• 4.5 out of 5 stars
  • 5 Stars
    11
  • 4 Stars
    7
  • 3 Stars
    3
  • 2 Stars
    0
  • 1 Stars
    0

Reviews - Please select the tabs below to change the source of reviews.

Sort by:
Filter by:
  • Overall
    2 out of 5 stars

The author has a very narrow lens to see world

It seems the author is in over confidence mode after the first successful book, he has a very narrow lens to see the world .
only from the 19th century to the 20th century.
For example the author dismisses that the end of oil is just a false claim by scientists based on 19th century predictions because oil is not ended now.
But author miss points that we need to look future and prepare for it, what if our kids will not have oil and what can happen to future.It seems author only interested in present.

  • Overall
    4 out of 5 stars
  • Performance
    5 out of 5 stars
  • Story
    4 out of 5 stars

Good view points presented

A good take on the topic. Only issue is that there is a lot of data that gets mentioned.

Sort by:
Filter by:
  • Overall
    2 out of 5 stars
  • Performance
    3 out of 5 stars
  • Story
    2 out of 5 stars
Profile image for ultrunner
  • ultrunner
  • 23-02-22

Tedious

This book is a good primer for aliens visiting planet Earth for the first time. Humans who have been living here for the last few decades and have been paying reasonable attention to what's going on will find the workings described here less revealing.

The first two chapters on energy and food production are interesting. The following chapters get increasingly tedious, as they are largely a rehash of known facts. A good sprinkling of numbers from statistical yearbooks helps the reader maintain some interest. But don't expect to find anything new here, if you've been keeping up with science and non-fiction literature in the past.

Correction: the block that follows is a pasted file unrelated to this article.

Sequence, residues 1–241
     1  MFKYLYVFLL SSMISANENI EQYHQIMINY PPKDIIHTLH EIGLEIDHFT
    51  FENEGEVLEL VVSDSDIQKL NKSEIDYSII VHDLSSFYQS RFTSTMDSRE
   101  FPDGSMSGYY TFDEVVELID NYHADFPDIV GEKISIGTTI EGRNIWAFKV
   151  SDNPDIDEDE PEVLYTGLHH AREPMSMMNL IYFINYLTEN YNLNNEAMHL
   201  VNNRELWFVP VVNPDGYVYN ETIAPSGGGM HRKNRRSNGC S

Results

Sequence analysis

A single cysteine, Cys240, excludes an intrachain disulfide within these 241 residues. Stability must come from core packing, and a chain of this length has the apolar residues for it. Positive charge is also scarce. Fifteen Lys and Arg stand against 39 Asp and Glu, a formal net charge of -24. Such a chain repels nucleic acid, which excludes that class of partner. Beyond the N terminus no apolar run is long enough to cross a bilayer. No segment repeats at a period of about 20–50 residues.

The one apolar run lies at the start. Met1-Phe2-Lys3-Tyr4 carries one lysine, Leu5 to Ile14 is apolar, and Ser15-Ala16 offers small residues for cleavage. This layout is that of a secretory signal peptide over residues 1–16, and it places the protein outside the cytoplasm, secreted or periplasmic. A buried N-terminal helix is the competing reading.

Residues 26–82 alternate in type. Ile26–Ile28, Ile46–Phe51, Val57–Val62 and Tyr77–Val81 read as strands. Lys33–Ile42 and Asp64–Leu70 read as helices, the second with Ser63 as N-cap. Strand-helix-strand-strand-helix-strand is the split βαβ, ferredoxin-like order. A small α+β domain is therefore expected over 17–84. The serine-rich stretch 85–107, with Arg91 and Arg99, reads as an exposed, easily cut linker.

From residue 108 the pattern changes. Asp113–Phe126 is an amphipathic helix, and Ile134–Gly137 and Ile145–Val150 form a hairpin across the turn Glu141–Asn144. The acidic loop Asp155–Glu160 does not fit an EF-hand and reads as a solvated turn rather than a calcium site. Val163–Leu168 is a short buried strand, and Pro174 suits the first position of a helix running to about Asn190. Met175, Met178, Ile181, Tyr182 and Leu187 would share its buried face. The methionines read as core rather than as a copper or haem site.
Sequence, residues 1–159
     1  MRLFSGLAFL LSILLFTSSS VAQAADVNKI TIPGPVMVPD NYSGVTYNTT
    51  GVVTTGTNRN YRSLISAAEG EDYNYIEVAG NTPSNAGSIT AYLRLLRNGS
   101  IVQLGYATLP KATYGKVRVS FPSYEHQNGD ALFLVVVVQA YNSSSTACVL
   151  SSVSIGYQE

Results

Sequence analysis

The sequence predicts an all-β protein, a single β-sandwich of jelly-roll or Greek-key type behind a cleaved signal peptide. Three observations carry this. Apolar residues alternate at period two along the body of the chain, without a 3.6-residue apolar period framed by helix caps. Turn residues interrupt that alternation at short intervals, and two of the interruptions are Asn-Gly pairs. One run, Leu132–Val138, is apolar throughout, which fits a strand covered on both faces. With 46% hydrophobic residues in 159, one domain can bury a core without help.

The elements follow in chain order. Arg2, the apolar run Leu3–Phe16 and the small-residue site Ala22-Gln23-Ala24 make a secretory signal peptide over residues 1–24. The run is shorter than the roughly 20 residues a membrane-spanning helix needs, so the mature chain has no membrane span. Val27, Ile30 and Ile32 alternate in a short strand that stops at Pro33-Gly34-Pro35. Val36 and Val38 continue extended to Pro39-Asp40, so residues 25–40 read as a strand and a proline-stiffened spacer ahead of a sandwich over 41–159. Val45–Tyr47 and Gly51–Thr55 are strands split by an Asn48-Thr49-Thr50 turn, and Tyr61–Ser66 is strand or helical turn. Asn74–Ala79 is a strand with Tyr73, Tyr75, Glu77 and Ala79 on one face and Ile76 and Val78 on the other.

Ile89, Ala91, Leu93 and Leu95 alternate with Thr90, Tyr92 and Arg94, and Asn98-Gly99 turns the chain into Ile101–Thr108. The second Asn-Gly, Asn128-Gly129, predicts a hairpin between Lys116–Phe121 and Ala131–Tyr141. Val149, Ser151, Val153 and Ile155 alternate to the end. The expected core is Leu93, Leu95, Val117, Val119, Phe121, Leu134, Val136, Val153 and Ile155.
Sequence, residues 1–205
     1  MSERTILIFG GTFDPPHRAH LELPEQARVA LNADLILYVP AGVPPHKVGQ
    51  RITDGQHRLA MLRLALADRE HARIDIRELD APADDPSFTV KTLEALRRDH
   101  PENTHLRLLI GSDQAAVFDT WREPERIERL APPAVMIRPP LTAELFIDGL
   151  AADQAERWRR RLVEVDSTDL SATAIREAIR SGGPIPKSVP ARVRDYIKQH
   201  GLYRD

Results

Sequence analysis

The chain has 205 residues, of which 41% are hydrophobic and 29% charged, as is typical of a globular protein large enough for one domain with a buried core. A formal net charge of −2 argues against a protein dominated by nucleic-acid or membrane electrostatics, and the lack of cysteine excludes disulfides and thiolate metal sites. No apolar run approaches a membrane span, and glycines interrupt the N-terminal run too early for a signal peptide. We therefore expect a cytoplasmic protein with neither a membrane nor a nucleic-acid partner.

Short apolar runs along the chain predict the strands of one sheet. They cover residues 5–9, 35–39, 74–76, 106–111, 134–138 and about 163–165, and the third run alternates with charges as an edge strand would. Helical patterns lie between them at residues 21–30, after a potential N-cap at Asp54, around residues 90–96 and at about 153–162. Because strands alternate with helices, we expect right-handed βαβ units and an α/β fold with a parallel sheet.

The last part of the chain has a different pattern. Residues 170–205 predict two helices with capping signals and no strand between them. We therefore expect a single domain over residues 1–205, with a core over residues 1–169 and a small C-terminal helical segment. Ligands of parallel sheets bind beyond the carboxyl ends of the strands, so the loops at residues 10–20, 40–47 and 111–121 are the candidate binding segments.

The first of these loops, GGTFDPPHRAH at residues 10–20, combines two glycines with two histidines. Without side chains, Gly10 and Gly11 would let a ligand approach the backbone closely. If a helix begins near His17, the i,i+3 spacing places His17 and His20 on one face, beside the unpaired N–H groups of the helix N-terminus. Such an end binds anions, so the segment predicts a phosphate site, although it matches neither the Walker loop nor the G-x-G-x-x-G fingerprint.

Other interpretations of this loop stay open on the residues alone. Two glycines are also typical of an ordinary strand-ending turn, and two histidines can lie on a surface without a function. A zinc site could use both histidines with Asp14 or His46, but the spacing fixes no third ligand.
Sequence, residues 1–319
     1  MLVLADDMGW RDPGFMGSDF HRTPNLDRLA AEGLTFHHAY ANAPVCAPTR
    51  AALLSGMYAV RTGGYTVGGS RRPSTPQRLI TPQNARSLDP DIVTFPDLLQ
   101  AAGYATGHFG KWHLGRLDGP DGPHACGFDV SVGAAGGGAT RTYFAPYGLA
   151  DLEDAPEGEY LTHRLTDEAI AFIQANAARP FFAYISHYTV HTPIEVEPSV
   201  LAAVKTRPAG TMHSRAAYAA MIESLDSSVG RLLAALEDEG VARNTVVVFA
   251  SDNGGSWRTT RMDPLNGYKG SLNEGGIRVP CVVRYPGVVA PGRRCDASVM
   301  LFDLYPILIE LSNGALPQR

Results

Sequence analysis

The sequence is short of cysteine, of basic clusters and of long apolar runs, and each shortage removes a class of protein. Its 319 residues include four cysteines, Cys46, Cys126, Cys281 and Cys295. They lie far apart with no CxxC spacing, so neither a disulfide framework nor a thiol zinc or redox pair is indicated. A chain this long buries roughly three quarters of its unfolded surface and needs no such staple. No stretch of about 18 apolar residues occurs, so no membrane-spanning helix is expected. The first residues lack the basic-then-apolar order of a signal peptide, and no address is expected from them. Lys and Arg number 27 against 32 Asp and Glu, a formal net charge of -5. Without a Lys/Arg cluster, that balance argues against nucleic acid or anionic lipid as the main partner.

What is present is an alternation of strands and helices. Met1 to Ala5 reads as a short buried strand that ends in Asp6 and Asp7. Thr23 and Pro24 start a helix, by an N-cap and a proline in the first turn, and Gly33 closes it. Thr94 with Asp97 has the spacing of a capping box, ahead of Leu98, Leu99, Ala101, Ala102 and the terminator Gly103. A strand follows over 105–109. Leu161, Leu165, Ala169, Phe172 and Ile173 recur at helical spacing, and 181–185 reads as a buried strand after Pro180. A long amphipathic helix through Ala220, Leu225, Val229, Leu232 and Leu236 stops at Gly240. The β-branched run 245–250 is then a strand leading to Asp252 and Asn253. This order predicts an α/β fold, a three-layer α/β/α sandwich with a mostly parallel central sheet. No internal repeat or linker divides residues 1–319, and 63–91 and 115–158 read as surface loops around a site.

1 person found this helpful

  • Overall
    5 out of 5 stars
  • Performance
    5 out of 5 stars
  • Story
    5 out of 5 stars
Profile image for Martin
  • Martin
  • 07-07-22

Grounded in physical realities, yet accessible

Highly recommended. For once a book on energy and climate that is grounded in the reality of how agriculture, construction and other human activities are really conducted and what these processes require at physical level.

Smil clearly says Earth is warming, which to him is very old news. At the same time, he shows how woefully uninformed many vocal activists and politicians are.

  • Overall
    4 out of 5 stars
  • Performance
    5 out of 5 stars
  • Story
    4 out of 5 stars
Profile image for andrew
  • andrew
  • 15-06-22

Great but too many numbers